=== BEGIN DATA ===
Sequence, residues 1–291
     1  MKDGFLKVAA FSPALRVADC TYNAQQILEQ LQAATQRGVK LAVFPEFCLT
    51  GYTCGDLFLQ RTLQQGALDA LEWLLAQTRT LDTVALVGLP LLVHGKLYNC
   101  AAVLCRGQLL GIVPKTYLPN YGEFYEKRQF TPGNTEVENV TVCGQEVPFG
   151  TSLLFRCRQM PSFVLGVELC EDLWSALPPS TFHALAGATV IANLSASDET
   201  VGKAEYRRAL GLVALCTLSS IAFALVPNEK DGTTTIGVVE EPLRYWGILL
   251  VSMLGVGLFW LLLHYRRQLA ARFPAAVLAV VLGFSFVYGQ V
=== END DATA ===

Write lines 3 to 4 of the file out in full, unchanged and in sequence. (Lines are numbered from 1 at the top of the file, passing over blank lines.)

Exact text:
    51  GYTCGDLFLQ RTLQQGALDA LEWLLAQTRT LDTVALVGLP LLVHGKLYNC
   101  AAVLCRGQLL GIVPKTYLPN YGEFYEKRQF TPGNTEVENV TVCGQEVPFG